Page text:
Fulton WWII vet receives certificate of service recognition

Recalls serving country during time of segregation

Virgil “Jack” McBride, a Word War II Navy veteran and president of the local NAACP branch, received some long overdue recognition for his service last week.

McBride was a recipient of the Cold War Recognition Certificate, a document authorized by Congress awarded to military personnel, defense workers and other citizens who worked for the U.S. government from September 1945 to December 1991.

Though his discharge came within the time frame for the certificate, most of McBride’s service was in the Pacific Theatre during World War II aboard the USS Mountrail. McBride’s daughter, Sherry McBride-Brown, said McBride was nominated for the recognition by one of his nurses with the VA Hospital in Columbia.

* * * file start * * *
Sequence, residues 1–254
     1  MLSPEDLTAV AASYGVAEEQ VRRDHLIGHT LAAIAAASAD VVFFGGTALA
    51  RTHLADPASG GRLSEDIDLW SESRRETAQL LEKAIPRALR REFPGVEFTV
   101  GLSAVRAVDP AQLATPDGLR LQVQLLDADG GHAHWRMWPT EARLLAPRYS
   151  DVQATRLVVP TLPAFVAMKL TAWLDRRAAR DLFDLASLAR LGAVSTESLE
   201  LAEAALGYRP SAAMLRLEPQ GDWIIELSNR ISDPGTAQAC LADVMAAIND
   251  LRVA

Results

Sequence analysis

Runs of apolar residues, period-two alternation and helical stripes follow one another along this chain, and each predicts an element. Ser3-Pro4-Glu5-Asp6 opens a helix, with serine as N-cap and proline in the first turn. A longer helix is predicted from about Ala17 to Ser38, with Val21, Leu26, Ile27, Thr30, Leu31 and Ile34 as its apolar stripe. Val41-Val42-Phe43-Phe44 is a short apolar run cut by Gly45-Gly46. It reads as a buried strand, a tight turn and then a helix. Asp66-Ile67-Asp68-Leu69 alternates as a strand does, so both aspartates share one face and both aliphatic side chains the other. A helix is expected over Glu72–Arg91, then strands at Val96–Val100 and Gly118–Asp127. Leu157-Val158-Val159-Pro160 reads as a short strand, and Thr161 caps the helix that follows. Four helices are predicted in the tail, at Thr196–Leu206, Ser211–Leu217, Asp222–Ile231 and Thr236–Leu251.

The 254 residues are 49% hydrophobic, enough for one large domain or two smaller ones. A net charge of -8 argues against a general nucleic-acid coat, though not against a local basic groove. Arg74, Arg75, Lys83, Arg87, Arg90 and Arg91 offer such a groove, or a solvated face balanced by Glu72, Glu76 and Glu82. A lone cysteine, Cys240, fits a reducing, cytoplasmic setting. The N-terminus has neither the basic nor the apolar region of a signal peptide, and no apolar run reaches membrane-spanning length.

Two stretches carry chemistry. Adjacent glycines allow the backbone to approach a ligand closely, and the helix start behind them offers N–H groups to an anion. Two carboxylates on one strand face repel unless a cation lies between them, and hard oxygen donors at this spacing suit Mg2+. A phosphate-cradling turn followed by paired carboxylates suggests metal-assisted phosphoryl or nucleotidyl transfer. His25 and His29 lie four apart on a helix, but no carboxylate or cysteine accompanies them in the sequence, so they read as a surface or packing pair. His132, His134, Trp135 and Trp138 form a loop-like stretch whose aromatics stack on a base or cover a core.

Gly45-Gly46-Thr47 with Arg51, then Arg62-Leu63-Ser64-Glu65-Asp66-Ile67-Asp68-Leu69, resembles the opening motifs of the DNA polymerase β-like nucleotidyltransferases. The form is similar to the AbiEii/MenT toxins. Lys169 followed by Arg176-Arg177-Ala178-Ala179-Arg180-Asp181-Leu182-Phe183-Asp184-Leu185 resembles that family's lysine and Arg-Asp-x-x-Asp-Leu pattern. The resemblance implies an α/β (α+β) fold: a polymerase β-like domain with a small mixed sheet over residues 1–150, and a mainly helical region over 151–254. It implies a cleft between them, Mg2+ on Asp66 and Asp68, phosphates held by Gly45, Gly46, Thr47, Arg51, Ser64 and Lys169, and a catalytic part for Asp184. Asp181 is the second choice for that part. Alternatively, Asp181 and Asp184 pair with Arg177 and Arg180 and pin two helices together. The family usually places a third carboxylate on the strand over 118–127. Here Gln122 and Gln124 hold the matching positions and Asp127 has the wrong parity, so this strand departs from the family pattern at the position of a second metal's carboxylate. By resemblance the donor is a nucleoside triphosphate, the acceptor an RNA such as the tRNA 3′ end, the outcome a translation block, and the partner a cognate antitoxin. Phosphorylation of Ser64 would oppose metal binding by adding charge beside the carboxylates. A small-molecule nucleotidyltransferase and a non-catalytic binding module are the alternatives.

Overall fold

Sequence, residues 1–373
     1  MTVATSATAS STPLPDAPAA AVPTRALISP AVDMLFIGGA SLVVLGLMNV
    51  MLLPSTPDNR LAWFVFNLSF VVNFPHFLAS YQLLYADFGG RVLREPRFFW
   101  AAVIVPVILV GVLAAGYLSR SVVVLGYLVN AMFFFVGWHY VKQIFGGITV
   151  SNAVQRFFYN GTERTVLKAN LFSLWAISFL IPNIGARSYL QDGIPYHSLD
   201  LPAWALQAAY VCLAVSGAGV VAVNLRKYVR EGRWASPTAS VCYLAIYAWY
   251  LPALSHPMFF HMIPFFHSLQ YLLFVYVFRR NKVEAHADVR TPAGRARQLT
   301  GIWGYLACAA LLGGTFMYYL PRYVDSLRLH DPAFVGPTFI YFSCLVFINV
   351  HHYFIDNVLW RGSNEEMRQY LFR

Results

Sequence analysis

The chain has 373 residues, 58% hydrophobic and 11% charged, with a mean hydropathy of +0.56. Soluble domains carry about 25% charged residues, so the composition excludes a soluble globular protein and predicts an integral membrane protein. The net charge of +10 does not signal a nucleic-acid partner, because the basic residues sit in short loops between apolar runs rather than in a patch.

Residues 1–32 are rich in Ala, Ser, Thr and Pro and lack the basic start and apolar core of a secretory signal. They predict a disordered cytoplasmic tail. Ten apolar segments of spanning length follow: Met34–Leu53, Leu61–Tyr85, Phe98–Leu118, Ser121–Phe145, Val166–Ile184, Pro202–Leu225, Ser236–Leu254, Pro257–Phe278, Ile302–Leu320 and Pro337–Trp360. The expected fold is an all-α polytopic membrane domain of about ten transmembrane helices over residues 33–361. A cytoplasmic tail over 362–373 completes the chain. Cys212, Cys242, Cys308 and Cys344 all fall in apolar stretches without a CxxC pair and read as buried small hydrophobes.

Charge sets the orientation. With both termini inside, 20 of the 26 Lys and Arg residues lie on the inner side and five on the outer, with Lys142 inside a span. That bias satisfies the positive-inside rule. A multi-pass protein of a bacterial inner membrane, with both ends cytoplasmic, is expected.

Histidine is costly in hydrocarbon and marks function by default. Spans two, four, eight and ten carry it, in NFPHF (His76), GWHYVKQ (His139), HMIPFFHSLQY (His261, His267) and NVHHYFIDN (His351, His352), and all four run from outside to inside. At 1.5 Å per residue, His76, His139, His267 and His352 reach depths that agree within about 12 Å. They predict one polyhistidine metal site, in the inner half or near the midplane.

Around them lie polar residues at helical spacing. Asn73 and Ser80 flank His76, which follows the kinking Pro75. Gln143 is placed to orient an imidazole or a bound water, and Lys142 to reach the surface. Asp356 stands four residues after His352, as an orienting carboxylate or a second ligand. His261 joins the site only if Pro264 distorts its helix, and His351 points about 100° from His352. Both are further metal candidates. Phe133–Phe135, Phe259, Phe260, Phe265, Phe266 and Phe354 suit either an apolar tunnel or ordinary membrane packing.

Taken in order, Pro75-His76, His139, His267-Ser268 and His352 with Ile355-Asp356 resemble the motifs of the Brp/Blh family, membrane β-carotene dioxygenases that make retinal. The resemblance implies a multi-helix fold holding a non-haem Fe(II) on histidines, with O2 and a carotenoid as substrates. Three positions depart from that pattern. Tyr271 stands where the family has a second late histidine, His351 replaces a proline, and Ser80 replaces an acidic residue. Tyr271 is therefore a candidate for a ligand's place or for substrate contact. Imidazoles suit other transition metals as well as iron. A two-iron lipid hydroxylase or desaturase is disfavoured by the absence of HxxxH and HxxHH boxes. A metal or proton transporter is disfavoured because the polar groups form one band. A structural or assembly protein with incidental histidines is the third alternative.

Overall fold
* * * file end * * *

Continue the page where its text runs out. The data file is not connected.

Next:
“It was a complete surprise,” said McBride. “I guess it was an honor; I was surprised.”

McBride was drafted into service in 1944, and he said he chose the Navy because “I thought maybe I’d see some of the world, and I thought it wouldn’t be as segregated as the Army was, but it was.”

“On the ship we had another McBride, he was white and from Hoboken, N.J. We were in the same division ... we called each other Mac,” he said. “When we got back to (San Francisco) to refuel and take ammo, we had to say to each other ‘see you later.’ We couldn’t stay in the same hotels or restaurants.

“The thing that bothered me was that in the Philippines, Hawaii, China or Japan after the war, we could go to any restaurant and sit down together and nothing was segregated, but back in the U.S. everything was. That bothered me.”

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